A taxpayer under examination that qualifies to file Form 3115 under an exception discussed below may also receive these terms and conditions. On the other hand, a taxpayer under examination that cannot meet an exception will not receive audit protection and will receive only a two-year adjustment period for a positive Sec. 481(a) amount.

The new procedures continue to permit a taxpayer to elect to recognize a de minimis positive Sec. 481(a) amount entirely in the year of change. The de minimis amount has been raised from less than $25,000 to less than $50,000. Although helpful, this increased amount does not mitigate unnecessary administrative complexity for many taxpayers. In a comment letter to the IRS, the AICPA recommended a de minimis amount of $1 million (see AICPA letter dated Feb. 15, 2008).

The new procedures add an option for a taxpayer to elect a one-year Sec. 481(a) adjustment period for all positive adjustments for the year of change if an "eligible acquisition transaction" occurs during the year of change or in the subsequent tax year on or before the due date (including extensions) for filing the taxpayer's federal income tax return for the year of change. An eligible acquisition transaction is (1) for a controlled foreign corporation (CFC) or corporation other than an S corporation, an acquisition of stock ownership interest in the taxpayer by another party that either results in the acquisition of control of the taxpayer or causes the taxpayer's tax year to end, or an acquisition of assets in a transaction to which Sec. 381(a) applies; or (2) for all other taxpayers, another party's acquisition of an ownership interest in the taxpayer that does not cause the taxpayer to cease to exist for federal income tax purposes.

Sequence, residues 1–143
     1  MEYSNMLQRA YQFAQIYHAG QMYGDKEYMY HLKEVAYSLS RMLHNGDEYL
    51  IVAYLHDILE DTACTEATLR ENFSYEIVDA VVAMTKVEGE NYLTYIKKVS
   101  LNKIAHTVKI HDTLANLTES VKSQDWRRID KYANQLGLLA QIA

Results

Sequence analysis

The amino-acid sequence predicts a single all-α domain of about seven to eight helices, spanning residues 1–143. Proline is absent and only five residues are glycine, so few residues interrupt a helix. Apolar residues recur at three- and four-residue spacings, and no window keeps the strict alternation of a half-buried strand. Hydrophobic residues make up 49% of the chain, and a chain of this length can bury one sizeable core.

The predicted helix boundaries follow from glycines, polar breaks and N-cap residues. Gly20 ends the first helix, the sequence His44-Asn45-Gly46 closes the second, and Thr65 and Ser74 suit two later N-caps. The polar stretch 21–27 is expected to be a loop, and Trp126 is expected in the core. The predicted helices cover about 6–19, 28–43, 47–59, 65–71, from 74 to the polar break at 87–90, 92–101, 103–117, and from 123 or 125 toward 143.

Changes That Affect Taxpayers Under Exam

The most significant changes in the new procedures affect the terms and conditions for requesting an accounting method change for a taxpayer under examination. Under the prior procedures, a taxpayer under examination could not file a Form 3115 for either an automatic or nonautomatic change unless an exception applied: It filed during a "window period" (either the 90-day window or 120-day window), received director consent, filed an automatic change that did not provide audit protection, or had an issue pending.

Under Rev. Proc. 2015-13, a taxpayer under examination generally may file an automatic or nonautomatic Form 3115 at any time but will have harsher terms and conditions—the taxpayer will not receive audit protection and will have only a two-year adjustment period for any positive Sec. 481(a) adjustment—if it cannot file under an exception, including one of the two available window periods.

Essentially, the new procedures retain the 120-day window and specified automatic changes that do not provide audit protection, but replace the director-consent option with two new exceptions: present method not before the director and change resulting in a negative Sec. 481(a) adjustment. A taxpayer may use the "present method not before the director" exception if the taxpayer is changing from a clearly permissible method or changing from an impermissible method adopted after the year or years under examination. The "change resulting in a negative § 481(a) adjustment" exception is available for a taxpayer making a method change with a negative Sec. 481(a) adjustment in the year of change and in the years under examination. (The taxpayer must determine whether the change would have resulted in a negative Sec. 481(a) adjustment in each tax year under examination if the change in method of accounting for that item had been made in the tax year or years under examination.) A new exception allows a corporation (that is not under examination) that becomes a member of a consolidated group (that is under examination because it participates in the Compliance Assurance Process) to file a Form 3115 for the year the corporation becomes a member of the consolidated group, provided the issue is not under consideration in an examination.